Two new modules added to Demystifying Mindfulness MOOC
A highly successful MOOC produced in part by the Centre for Innovation has received a major update. Two new modules have been added to Demystifying Mindfulness.
After a long and eventful 18 months, the MOOC De-Mystifying Mindfulness by Prof. Chris Goto-Jones has a significant update. These latest additions compound previous updates to create a comprehensive guide to mindfulness today. The MOOC, which runs on both FutureLearn and Coursera, is one of the top-rated courses of Leiden University, and saw a peak of new interest in 2020 as participants struggled to make sense of contemporary events.
The course update adds two full new modules:
- Mindfulness, Trauma and Social Justice
- Mindfulness, Nature and Land
The updates were funded by previous participants through crowdfunding in the dana box.
Prof. Chris Goto-Jones also added some of the letters he sent to the community in this pandemic period, as a showcase of socially engaged mindfulness.
Mindfulness, Trauma and Social Justice
While there is a tendency today to view mindfulness as somehow sealed off from the rest of society, like a kind of ‘clean space’ or refuge in which we might sit to shelter from the social, political, economic, and cultural turmoil around us, mindfulness is actually just as entangled in these forces as anything else. Over the last few years, an increasing body of research has started to explore some of the ways in which these social forces and personal histories impact on the experience of mindfulness practice. Such research shows that the field of mindfulness cannot assume that everyone sits onto the same cushion in the same room. And some people just might not have a cushion at all. Hence, this module explores the intersections between mindfulness and trauma, as well as mindfulness, privilege, prejudice, and oppression. Here we see that mindfulness is not free of concerns about racism, sexism, ableism or other forms of systemic discrimination. Nonetheless, perhaps mindfulness contains some seeds to help us confront these social ills?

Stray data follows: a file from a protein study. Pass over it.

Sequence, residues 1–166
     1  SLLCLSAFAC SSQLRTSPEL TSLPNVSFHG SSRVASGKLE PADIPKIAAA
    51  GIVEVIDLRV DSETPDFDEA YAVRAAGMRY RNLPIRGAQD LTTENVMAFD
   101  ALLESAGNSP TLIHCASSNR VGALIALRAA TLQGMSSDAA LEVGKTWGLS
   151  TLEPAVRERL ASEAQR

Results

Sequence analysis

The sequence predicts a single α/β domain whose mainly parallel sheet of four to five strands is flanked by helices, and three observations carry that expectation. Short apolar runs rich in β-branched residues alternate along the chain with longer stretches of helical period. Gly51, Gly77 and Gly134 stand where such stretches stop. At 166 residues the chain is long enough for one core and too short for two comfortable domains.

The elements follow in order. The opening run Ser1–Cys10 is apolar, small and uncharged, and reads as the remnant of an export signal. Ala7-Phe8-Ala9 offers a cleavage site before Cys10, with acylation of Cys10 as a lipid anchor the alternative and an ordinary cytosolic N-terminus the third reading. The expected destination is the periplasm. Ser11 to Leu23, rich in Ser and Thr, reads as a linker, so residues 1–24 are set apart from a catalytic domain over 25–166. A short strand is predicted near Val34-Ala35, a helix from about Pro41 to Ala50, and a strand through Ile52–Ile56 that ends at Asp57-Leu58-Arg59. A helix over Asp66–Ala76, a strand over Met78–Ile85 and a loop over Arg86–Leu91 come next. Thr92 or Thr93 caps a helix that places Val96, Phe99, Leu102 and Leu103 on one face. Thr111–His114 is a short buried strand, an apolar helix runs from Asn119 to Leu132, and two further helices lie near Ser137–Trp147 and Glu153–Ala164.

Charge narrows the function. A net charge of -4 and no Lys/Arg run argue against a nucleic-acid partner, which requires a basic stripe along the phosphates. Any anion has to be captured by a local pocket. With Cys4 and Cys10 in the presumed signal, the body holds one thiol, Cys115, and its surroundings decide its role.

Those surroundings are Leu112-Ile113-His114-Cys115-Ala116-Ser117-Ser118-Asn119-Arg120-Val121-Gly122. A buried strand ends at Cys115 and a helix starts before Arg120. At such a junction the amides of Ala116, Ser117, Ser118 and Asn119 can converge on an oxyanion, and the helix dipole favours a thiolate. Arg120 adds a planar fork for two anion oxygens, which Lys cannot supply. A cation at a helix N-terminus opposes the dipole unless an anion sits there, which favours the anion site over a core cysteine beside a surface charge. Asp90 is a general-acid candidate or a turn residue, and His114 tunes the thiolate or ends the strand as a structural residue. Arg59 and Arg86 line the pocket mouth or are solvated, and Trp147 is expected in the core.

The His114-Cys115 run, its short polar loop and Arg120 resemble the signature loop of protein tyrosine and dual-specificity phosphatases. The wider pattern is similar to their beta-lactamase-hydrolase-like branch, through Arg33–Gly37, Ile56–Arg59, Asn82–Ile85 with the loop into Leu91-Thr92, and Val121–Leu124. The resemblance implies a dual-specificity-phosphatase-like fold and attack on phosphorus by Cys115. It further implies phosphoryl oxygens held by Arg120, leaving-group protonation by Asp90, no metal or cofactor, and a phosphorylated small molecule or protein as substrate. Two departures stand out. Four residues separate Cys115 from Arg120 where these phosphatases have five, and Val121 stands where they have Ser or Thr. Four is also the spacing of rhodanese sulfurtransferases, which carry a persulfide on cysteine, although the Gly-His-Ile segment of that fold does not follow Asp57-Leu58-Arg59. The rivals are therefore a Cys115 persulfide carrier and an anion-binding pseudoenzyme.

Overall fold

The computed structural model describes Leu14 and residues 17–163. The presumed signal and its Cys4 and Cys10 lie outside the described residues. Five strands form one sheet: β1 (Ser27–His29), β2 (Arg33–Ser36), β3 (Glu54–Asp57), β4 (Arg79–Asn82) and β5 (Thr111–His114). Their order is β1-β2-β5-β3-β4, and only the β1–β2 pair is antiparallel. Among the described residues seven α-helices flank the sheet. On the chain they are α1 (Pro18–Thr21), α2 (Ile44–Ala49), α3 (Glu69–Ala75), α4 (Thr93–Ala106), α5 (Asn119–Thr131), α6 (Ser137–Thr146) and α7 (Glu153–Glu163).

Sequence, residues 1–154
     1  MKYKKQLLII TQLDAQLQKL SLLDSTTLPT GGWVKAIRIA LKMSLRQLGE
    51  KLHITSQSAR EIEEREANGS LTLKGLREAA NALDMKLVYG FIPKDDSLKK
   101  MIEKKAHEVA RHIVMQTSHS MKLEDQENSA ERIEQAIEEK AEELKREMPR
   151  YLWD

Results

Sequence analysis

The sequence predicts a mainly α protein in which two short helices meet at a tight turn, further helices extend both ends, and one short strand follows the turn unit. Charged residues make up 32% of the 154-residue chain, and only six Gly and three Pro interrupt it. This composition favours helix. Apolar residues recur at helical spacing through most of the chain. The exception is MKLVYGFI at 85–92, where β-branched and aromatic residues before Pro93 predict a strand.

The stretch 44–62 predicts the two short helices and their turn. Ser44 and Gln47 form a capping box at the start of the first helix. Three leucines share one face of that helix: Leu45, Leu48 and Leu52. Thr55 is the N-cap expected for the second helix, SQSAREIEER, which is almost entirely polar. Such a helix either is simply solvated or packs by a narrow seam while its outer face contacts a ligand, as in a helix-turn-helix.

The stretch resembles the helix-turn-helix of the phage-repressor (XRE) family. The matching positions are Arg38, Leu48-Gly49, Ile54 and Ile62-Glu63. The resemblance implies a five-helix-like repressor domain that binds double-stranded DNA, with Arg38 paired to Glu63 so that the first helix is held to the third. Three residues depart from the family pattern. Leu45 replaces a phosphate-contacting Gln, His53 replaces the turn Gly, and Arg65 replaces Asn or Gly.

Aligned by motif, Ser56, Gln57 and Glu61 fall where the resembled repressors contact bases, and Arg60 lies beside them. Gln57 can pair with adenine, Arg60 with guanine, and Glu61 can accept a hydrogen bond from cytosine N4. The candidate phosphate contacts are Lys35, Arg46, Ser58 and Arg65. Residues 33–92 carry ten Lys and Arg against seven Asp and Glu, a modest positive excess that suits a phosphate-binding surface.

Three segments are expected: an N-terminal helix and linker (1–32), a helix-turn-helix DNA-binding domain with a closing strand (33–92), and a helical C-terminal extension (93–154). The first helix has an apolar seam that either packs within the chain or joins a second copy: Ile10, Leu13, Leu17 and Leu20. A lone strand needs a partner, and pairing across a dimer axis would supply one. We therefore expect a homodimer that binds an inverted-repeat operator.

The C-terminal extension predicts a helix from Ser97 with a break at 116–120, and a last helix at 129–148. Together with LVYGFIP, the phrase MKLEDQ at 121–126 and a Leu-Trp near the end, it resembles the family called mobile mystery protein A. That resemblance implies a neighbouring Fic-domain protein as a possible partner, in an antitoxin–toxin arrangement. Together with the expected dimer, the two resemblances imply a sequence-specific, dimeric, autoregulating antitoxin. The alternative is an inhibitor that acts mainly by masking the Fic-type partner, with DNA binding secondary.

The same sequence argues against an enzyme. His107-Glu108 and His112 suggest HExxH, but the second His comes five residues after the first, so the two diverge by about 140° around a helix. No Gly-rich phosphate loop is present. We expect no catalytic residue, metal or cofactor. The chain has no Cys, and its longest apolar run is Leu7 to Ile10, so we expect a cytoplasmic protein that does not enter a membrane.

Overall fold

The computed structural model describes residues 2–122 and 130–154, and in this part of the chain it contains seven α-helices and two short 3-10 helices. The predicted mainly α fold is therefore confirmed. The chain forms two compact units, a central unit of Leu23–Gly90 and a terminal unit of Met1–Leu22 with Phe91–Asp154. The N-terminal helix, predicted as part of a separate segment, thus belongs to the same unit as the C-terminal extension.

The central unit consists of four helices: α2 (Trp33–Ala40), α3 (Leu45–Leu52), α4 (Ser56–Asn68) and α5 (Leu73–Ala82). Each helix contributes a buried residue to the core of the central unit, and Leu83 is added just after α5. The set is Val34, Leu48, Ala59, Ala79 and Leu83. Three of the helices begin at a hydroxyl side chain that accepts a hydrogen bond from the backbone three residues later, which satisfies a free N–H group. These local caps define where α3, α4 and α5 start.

We are fortunate to be able to include in this module a trauma-sensitive guided meditation by Elizabeth Stanley.
Mindfulness and Nature & Land
One feature of contemporary mindfulness is that it is increasingly practiced in urban environments, in small rooms in big cities. This tendency has contributed to a form of romanticization of mindfulness in nature, as though practicing in a beautiful natural setting is somehow better or more ‘pure.’ We will see that this romantic view is not new at all, and also that it hides a much more complicated and subtle form of relationship between mindfulness and the natural world. In this module, we’ll explore some of the pros and cons of practicing in nature, as well as some of the myths about it. We’ll even learn a new meditation that is specifically designed to help us feel our place in nature. At the same time, as soon as we accept that the practice of mindfulness takes place in real locations (on particular territories or pieces of the earth), then we’ll see that we also have to accept that mindfulness is not free of questions of land politics and colonialism. What does it mean to practice mindfulness in a way that respects the land?
Many new expert voices have been added both to existing modules and the two new ones, to deepen the practice and understanding of participants. We would like to thank in gratitude:
- Dawn Scott, Spirit Rock & Barre Centre for Buddhist Studies
- Sydney Spears, University of Kansas
- Elisabeth Stanley, Georgetown University
- Susan Woods, Centre for Mindfulness Studies
- Patricia Rickman, University of Toronto
- Jeff Corntassel, University of Victoria
The Centre for Innovation, Leiden University, has been involved in the production of this course and previously created the Mindful Garden in 2017 as part of an Honours project in the course. This new version of the course contains an podcast update on the current state of the garden and developments in regards to Urban Green Spaces and sustainability at Leiden University, which is also part of the podcast series A Very Mindful Podcast.